of Scotland, Highland Games
There are many wonderful events
to see in Scotland. Not just Highland Games but also Village Fairs
and Festivals. When in Scotland try to attend some of these events,
especially in the smaller towns.
Scottish athletic competitions
comprise the following categories: the Scottish Highland Athletic
Competitions (or Heavy Events), team sports and traditional Celtic
sporting events. The Heavy Events test the athletes strength,
skill and endurance. Events containing the word Toss
generally refer to competitions for height whereas events containing
the word Throw
are for distance.
Tossing The Caber.
The caber is a 90 to 120 pound log, 16' to 20' in length,
that is tossed end-over-end. Once the narrow end of the caber
is vertically balanced in the arms of the athlete, the athlete
runs forward, stops and heaves the caber upward. The caber must
spin in such a way that the large end hits the ground. The caber
will then fall over with the narrow end falling away from the
athlete. A perfect throw will land at the 12 o'clock position,
straight away from the athlete that released it.
The sheaf toss involves hurling a bag of hay straight up into
the air over an adjustable crossbar with a three-tyned pitchfork.
The bag of hay weighs 16 to 20 pounds for men and 10 to 12 pounds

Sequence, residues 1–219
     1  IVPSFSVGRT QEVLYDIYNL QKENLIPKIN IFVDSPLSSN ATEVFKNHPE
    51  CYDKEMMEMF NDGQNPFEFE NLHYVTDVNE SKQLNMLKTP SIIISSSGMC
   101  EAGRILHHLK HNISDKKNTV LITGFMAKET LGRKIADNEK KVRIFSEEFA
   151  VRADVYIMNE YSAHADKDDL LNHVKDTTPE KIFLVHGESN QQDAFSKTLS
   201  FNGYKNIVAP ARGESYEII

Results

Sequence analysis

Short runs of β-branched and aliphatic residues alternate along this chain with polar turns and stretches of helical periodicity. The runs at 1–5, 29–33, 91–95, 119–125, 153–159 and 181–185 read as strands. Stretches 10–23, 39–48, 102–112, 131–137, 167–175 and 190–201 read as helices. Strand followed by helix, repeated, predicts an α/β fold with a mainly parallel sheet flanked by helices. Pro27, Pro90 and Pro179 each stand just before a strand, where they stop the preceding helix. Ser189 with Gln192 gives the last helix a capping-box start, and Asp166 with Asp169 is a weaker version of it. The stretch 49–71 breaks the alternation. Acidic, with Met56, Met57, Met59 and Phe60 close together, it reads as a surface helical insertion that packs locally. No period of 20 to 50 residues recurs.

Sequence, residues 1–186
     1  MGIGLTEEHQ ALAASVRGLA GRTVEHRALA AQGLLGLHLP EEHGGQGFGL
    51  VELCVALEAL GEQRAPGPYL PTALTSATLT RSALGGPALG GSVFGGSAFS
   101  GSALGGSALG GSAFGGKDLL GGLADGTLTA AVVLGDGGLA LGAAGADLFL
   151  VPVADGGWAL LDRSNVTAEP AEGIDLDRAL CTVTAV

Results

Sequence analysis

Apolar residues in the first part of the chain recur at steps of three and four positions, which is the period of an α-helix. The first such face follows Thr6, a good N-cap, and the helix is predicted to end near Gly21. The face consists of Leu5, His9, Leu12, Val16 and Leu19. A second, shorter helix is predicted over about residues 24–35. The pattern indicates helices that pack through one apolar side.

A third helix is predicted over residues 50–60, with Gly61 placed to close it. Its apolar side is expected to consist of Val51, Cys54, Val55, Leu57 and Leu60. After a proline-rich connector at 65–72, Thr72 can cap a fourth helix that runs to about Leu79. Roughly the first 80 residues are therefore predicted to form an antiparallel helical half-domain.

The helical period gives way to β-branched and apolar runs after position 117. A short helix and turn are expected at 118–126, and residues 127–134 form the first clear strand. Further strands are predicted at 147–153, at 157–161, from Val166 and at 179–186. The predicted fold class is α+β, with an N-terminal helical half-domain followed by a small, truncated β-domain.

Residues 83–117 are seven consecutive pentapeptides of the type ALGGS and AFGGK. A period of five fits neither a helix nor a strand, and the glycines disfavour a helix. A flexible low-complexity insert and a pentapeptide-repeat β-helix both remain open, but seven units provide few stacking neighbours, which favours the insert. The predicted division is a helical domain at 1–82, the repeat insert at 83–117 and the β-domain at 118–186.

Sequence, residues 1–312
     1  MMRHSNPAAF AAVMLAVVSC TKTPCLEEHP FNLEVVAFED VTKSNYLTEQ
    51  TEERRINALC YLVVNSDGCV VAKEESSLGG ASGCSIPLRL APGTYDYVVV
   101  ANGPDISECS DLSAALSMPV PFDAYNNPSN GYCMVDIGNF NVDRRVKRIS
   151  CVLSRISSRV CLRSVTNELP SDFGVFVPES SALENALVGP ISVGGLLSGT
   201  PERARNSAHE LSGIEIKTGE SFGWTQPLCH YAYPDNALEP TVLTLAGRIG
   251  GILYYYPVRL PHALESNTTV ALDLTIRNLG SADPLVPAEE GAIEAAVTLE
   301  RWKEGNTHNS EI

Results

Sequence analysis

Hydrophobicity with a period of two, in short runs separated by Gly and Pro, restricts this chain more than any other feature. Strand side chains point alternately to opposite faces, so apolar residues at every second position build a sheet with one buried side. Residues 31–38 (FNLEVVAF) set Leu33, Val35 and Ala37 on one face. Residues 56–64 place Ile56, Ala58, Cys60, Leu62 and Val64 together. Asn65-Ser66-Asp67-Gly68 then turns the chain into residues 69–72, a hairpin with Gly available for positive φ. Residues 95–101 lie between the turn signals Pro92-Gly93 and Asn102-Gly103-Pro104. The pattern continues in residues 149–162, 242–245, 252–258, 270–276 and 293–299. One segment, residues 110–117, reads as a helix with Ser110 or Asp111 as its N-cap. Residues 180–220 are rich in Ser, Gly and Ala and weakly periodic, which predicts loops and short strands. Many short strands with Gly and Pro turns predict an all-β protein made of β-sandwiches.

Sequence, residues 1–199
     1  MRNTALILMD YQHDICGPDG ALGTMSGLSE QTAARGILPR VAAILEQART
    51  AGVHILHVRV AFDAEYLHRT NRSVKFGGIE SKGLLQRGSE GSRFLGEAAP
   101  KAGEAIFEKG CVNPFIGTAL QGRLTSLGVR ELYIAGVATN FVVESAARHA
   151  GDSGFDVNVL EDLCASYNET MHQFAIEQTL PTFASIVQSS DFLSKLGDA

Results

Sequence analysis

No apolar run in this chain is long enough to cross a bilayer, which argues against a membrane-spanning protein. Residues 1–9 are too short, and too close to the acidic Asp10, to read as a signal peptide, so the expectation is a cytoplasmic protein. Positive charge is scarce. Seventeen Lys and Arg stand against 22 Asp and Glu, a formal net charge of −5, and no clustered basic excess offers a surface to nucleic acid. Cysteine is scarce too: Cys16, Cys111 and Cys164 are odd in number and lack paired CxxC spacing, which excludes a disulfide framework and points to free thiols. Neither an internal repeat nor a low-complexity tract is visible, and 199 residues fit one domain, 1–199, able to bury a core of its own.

for women. The winner is the athlete who tosses the sheaf the
Men throw 28 and 56 pound weights for distance in this event.
For women, the weights are 14 and 28 pounds. The athlete grasps
the weight in one hand and begins swinging the weight from side
to side. Once a bit of momentum is achieved, the athlete spins
the weight around, usually twice, to impart additional momentum
and releases the weight. The winner is the athlete who throws
the weight the farthest.
Men will use a 56 pound weight, which is thrown for height, in
this event. Women will use a 28 point weight. The athlete stands
beneath an adjustable height crossbar, grasps the weight with
one hand and swings the weight back and forth between the legs.
On the final swing, the athlete brings the weight up in a smooth
arc and releases the weight so that it will pass over the crossbar.
The winner is the athlete who tosses the weight the highest.
A rounded stone, called a clachneart, weighing between 16 and
32 pounds for men and 8 to 12 pounds for women is thrown for distance